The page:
t took nearly a decade to finally get it right, but the Dr. Octagon you know and love (and possibly still sniff glue to) is back. It's not just in Nogatco Rd.'s groan-inducing pun of a title; we get the scatological brain-teasers ("I'mma show you how to come in this game with urination on your fingers"—Moises Alou reference?), left-field disses ("Comedians take you serious / Your first show is at the Laff House"), and bizarre sex talk that made his rumored stay at Bellevue as integral to his story as any bullet wound or hustler history.
OK, so that's only true of the tacked-on outro to "Celestial" and Keith's verse in the Sole/Sage Francis collaboration "Final Dissection." Together, they constitute a span of about ninety seconds. It warrants mentioning that Nogatco Rd. has about 44 additional minutes. Sorry if I led you on, but with Kool Keith's track record of late ("of late" being an elastic phrase), you're a real trooper if you've even gotten this far.
The problem that pretty much negates Nogatco Rd. from the get-go is that we never figure out what exactly the Mr. Nogatco alter ego brings to the table other than the "first man on the moon" stuff we've heard done far better. It's no secret that Keith is at his best playing defined roles, whether it was Dr. Octagon, the vainglorious rock star Black Elvis, madd rapper/cannibal Dr. Dooom, or the porno enthusiast of Sex Style. These may not have been fully-fleshed identities, but they gave Keith boundaries and a theme to riff on. None of them really sounded like each other, but they all sound like the work of Kool Keith. We find out Mr. Nogatco likes to hang out at Epcot Center, travel to Phoenix, and wear space boots, but that's about it.
As such, we don't get much out of Keith other than what Prodigy once called "crazy space shit that don't make no sense." Keith's as impenetrable as he's ever been, but there aren't the raw materials to make digging in worthwhile. It's clearly the latest cannibalization of his rep, banking on his fans' belief that there's deeper meaning behind the tossed-off astral jargon. Past tracks would've been filled with choice pop-culture nuggets like "run through vagina like Tony Dorsett" and "I was Bobby Brown of the group, like New Edition," but these are the two most memorable lines from the entirety of Nogatco Rd..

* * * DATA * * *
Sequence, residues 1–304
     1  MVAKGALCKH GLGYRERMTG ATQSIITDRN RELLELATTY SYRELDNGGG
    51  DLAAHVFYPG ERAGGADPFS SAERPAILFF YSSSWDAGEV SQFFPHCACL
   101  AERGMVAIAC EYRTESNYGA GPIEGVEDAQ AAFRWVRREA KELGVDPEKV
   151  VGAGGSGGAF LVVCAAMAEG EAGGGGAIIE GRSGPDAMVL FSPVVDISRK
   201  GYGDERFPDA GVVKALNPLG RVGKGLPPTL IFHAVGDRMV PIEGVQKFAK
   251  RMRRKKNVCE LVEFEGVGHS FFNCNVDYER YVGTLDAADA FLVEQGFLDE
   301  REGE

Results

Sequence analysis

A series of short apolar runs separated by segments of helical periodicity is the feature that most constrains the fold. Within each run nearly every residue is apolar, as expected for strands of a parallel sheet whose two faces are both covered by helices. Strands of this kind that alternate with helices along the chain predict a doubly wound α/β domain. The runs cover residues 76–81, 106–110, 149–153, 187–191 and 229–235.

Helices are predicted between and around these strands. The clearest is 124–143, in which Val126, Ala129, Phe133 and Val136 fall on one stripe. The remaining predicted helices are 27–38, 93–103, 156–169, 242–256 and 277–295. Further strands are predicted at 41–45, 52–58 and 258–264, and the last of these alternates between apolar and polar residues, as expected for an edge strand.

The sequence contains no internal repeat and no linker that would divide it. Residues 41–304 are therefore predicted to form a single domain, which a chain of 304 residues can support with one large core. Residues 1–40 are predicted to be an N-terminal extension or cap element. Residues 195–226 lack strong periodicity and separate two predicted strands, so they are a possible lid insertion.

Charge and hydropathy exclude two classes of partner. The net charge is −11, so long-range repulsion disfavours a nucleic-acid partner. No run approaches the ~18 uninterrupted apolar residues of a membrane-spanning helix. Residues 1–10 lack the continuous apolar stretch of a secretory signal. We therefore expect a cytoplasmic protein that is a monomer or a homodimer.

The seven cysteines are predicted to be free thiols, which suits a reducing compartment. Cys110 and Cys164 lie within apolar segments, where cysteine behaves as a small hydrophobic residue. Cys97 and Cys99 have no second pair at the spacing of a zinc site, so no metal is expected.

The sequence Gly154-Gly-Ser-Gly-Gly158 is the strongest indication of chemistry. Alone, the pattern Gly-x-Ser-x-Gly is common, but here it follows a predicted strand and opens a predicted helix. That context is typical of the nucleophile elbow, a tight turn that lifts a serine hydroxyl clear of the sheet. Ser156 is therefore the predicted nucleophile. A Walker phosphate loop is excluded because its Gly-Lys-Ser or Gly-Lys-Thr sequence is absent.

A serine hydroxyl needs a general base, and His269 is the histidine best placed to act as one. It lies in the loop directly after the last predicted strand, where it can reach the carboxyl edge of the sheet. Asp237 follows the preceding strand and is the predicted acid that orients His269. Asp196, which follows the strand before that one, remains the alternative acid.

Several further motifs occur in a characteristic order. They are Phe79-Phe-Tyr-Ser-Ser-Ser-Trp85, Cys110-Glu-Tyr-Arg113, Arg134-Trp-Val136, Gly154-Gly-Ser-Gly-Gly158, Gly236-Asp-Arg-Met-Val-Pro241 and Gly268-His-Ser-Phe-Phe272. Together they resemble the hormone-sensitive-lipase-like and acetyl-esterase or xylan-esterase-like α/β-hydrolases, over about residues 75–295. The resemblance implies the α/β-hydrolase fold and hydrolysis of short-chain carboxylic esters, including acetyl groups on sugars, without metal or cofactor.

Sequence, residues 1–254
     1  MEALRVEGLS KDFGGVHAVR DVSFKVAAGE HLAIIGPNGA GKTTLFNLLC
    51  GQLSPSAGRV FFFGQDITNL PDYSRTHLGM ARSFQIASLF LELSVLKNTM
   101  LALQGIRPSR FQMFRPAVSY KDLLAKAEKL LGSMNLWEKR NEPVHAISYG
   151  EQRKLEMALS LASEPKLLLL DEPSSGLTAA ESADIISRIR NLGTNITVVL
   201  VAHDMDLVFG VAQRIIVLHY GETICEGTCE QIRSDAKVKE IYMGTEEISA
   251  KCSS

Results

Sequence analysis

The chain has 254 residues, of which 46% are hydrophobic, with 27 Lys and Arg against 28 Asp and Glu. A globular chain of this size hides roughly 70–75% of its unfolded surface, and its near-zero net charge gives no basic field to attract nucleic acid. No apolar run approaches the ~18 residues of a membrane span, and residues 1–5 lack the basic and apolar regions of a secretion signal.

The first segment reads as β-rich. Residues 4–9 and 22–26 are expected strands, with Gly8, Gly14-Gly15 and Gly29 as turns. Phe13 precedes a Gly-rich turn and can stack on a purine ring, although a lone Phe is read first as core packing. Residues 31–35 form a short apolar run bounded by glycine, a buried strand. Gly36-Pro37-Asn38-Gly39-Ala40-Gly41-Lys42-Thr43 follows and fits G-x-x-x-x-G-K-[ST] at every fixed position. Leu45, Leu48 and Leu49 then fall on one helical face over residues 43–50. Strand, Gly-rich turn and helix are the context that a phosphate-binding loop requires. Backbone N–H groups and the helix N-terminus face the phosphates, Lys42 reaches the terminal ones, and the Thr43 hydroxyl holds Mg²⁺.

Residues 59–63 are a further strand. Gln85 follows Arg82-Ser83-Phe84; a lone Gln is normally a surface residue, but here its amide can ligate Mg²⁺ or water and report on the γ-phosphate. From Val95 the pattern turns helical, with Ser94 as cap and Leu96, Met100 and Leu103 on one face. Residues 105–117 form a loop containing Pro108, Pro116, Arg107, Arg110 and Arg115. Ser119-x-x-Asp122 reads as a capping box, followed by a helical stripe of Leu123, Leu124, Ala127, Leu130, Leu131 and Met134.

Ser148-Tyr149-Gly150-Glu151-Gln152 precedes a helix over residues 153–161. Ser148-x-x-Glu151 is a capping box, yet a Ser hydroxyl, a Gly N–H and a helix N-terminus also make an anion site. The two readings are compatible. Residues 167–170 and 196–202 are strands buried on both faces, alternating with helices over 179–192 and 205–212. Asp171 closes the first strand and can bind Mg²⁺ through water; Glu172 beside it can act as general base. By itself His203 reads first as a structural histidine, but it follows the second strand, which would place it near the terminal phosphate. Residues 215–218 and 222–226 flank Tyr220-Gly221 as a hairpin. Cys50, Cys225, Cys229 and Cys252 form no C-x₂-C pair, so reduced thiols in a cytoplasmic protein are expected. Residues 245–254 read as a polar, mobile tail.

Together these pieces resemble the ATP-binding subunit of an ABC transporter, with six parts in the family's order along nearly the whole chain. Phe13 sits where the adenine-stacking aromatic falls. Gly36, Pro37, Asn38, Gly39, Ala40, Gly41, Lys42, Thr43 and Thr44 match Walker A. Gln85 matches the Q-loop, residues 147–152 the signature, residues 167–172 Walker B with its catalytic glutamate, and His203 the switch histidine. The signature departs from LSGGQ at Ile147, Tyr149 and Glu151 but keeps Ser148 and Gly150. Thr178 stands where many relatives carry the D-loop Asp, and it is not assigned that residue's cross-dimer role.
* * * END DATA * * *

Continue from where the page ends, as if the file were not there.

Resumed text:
A lot of this has to do with the fact that there aren't a whole lot of words on this album. With Keith's steam of consciousness wordplay, it's always been in his best interest to overwhelm the listener by jamming as many images into his rhymes as possible. As on the nearly identical Project Polaroid LP, Keith flips a gruff slow-flow that leaves his lyrics exposed and ugly like a post-hangover bedfellow. I wouldn't be shocked if I found out he recorded all of his vocals from a beanbag chair. It feels somewhat pointless to criticize Kool Keith about his rhythmic acuity, since he's probably never rode a beat in the traditional sense in his entire career. But here, his cadence is so stunted and halting that it sounds like you're only hearing one end of an awkward phone conversation.
Iz-Real isn't the kind of draw that Dan The Automator or even Kutmasta Kurt is, but his production keeps Nogatco Rd. from being totally forgettable. It's still every bit as murky as you'd expect from something on the Insomniac imprint, but it avoids the "amateur hour on the MPC" production that plagued Keith's work in the early 2000's. "Celestial" is the funkiest thing Keith's been on in a long time and with the prevalence of chunky guitar riffs, someone's obviously been listening to "I'm Destructive" instead of Keith's claims that the drum sounds on Matthew changed the game. While Keith fills out the beats as enthusiastically as my uncle fills out tax statements, there's enough variation in tempo and texture to make things move a little. And hey, at least Keith isn't doing that thing where he says the song's title every two seconds and calls it a hook.
My hesitance to completely dismiss Nogatco Rd. elucidates why Kool Keith is such a frustrating and effective cult favorite; his greatest assets double as his greatest liabilities, and calling him out when his quirks turn into flaws might instigate a lengthy reappraisal of why you liked him in the first place. It's probably not worth the effort. Then again, no amount of commercial or critical apathy is really going to make a difference. You're fooling yourself if you think that Nogatco Rd. will be anyone's introduction to Kool Keith, or that it will be heard by anyone other than obsessive completists and Kool Keith himself, the only people who really believe he's still the greatest MC despite releasing album after album so inconsequential they might as well not even exist.
After explicitly murdering the Dr. Octagon character and spitting on his grave on the Dr. Dooom album, you just wish Keith would've made the resurrection of his most beloved alias feel like a more essential addition to his catalog. Not only was there a Dr. Octagon II released without Keith's permission, supposedly a Return of Dr. Octagon is in the works that doesn't even include Keith at all. With that in mind, Nogatco Rd. will probably be the pick of the litter, but as for now, Insomniac Records will probably best be known as the place where beloved alter egos like Dr. Octagon and Viktor Vaughn went to released half-assed death rattles. Can Bobby Digital III be that far away?
Reviewed by: Ian Cohen
Reviewed on: 2006-05-11